Industry sponsorship and selection of comparators in randomized clinical trials
Article first published online: 27 DEC 2009
© 2009 The Authors. Journal Compilation © 2009 Stichting European Society for Clinical Investigation Journal Foundation
European Journal of Clinical Investigation
Volume 40, Issue 2, pages 172–182, February 2010
How to Cite
Lathyris, D. N., Patsopoulos, N. A., Salanti, G. and Ioannidis, J. P. A. (2010), Industry sponsorship and selection of comparators in randomized clinical trials. European Journal of Clinical Investigation, 40: 172–182. doi: 10.1111/j.1365-2362.2009.02240.x
- Issue published online: 13 JAN 2010
- Article first published online: 27 DEC 2009
- Received 6 November 2009, accepted 11 November 2009
- industry sponsoring;
- randomized clinical trials
Eur J Clin Invest 2010; 40 (2): 172–182
Background Most clinical trials on medical interventions are sponsored by the industry. The choice of comparators shapes the accumulated evidence. We aimed to assess how often major companies sponsor trials that involve only their own products.
Methods Studies were identified by searching ClinicalTrials.gov for trials registered in 2006. We focused on randomized trials involving the 15 companies that had sponsored the largest number of registered trials in ClinicalTrials.gov in that period.
Results Overall, 577 randomized trials were eligible for analysis and 82% had a single industry sponsor [89% (166/187) of the placebo-control trials, 87% (91/105) of trials comparing different doses or ways of administration of the same intervention, and 78% (221/285) of other active control trials]. The compared intervention(s) belonged to a single company in 67% of the trials (89%, 81% and 47% in the three categories respectively). All 15 companies strongly preferred to run trials where they were the only industry sponsor or even the only owner of the assessed interventions. Co-sponsorship typically reflected co-ownership of the same intervention by both companies. Head-to-head comparison of different active interventions developed by different companies occurred in only 18 trials with two or more industry sponsors.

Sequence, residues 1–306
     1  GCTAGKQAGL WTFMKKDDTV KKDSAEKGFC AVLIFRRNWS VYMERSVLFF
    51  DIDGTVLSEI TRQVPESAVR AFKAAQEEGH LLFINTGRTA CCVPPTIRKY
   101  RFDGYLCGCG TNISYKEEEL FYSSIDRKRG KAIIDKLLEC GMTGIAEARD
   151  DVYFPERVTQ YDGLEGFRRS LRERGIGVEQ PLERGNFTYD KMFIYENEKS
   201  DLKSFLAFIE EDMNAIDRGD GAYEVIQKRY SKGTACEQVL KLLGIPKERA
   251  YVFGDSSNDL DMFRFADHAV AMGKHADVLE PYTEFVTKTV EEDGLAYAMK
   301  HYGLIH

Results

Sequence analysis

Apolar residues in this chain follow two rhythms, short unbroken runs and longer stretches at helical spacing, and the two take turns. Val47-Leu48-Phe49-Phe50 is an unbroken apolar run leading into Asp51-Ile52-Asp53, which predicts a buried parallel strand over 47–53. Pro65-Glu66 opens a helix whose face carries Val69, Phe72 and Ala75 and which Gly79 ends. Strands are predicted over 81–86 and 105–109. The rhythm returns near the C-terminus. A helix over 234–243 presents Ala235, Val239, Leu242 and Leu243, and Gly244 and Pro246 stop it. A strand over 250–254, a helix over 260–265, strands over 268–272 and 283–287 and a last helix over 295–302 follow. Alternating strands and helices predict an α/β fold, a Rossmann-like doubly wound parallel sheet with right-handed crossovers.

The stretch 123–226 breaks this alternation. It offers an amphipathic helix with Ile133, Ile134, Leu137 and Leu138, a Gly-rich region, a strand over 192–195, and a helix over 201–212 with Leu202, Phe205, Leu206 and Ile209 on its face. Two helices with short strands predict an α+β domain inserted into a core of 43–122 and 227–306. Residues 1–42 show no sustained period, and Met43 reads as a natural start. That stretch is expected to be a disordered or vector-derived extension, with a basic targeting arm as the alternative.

Conclusions Each company generates a clinical research agenda that is strongly focused on its own products, while comparisons involving different interventions from different companies are uncommon. This diminishes the ability to understand the relative merits of different interventions for the same condition.